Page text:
SEIU organizers estimate that “thousands” of fast food workers in 150 cities across six continents participated in the 10th and largest walkout protest in their ongoing campaign to raise wages to $15 per hour. Despite the series of walkouts, no major fast food company has opened negotiations with the organizers. The companies, including McDonald’s, Burger King, and Yum Brands, owner of KFC, Taco Bell, and Pizza Hut, responded that they provide hundreds of thousands of entry level jobs each year, complete with training and development, and that the campaign hurts independent small businesses that own and operate individual franchises.

Three hundred Teamsters working at a Pepsi Co. distribution facility in Indianapolis, Ind. Announced that they would be going on strike after the union rejected the company’s latest five-year contract offer. The union says health care and retirement costs remain at issue in negotiations between the two sides.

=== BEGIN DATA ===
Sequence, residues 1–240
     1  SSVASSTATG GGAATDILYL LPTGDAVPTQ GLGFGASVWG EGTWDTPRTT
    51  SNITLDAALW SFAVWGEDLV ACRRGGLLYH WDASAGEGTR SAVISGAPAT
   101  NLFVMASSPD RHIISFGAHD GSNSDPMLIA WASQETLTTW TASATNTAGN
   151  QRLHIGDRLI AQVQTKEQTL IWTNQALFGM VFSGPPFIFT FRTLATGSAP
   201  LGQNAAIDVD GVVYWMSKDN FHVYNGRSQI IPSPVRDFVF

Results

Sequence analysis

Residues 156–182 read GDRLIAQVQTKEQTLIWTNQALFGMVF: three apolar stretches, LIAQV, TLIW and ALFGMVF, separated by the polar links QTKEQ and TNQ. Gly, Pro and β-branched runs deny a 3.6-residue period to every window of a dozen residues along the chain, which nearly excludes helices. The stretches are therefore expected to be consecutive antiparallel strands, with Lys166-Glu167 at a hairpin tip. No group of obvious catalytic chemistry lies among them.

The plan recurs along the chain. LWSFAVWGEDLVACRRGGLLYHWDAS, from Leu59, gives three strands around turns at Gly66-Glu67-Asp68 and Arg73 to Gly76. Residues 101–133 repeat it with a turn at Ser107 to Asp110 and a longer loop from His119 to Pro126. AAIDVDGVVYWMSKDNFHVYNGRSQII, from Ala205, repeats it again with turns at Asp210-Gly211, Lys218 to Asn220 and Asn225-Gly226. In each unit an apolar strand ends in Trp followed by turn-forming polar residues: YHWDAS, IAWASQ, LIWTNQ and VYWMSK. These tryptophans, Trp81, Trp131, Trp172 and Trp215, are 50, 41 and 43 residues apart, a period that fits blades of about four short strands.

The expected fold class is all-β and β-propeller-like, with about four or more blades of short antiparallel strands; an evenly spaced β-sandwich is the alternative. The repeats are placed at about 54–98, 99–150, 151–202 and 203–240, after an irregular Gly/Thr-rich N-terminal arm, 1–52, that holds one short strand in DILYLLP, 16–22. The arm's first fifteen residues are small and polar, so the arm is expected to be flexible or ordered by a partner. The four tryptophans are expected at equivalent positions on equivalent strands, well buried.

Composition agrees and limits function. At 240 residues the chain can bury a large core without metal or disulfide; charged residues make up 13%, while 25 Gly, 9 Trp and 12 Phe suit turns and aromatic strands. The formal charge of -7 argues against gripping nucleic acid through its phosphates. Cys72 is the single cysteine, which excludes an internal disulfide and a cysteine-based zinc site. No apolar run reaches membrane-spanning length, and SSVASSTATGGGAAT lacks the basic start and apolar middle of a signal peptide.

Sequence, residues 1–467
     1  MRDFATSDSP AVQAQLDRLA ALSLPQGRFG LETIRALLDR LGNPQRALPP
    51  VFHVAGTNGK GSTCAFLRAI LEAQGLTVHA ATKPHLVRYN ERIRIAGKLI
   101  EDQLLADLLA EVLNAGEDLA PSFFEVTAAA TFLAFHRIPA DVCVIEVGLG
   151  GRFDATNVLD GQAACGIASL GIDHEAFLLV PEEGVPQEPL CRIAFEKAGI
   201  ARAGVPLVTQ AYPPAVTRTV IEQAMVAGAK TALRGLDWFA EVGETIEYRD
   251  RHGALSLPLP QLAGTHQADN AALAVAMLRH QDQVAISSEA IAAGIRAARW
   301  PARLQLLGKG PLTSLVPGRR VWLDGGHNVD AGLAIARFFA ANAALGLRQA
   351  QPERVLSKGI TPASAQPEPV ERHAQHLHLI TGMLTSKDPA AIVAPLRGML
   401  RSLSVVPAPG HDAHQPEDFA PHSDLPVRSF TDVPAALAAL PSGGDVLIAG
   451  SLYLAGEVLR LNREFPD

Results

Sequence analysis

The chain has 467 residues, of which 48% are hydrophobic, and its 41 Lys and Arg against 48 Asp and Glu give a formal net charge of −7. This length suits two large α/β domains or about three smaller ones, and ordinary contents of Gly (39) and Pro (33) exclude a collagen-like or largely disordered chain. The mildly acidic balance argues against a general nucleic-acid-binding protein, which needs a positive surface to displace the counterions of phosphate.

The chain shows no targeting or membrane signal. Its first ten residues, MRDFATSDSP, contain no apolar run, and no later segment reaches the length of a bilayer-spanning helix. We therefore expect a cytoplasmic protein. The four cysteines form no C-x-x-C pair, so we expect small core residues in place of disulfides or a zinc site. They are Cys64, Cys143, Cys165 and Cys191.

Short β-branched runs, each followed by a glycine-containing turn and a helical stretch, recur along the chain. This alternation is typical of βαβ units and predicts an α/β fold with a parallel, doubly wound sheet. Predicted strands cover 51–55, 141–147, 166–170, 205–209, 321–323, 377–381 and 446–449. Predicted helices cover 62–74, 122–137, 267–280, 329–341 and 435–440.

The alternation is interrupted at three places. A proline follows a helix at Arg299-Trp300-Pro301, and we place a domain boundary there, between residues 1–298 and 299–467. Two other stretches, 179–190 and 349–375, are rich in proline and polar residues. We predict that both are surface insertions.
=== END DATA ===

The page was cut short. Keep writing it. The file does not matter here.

Local 8 Carpenters at the Pennsylvania Convention center are on strike after contract negotiations fell apart with the center’s management. No further negotiations are currently scheduled between the two sides, and a spokesperson for the center stated that it was unlikely an agreement would be reached in the near future.

Mothers who work at Wal-Mart Stores Inc. are encouraged to strike nationwide during the week of June 2, to coincide with the annual shareholders’ meeting on June 6. Making Change at Walmart organizers are calling for mothers to participate in strikes led by the Organization United for Respect at Walmart (OUR Walmart), a volunteer coalition of workers. The strike is scheduled to take place in more than 20 cities nationwide. Both Making Change at Walmart and OUR Walmart receive support from the United Food and Commercial Workers (UFCW). The groups are seeking to improve working conditions for the company’s hourly workers, including guaranteed annual pay of $25,000, and schedules that allow mothers to work 40 hours a week.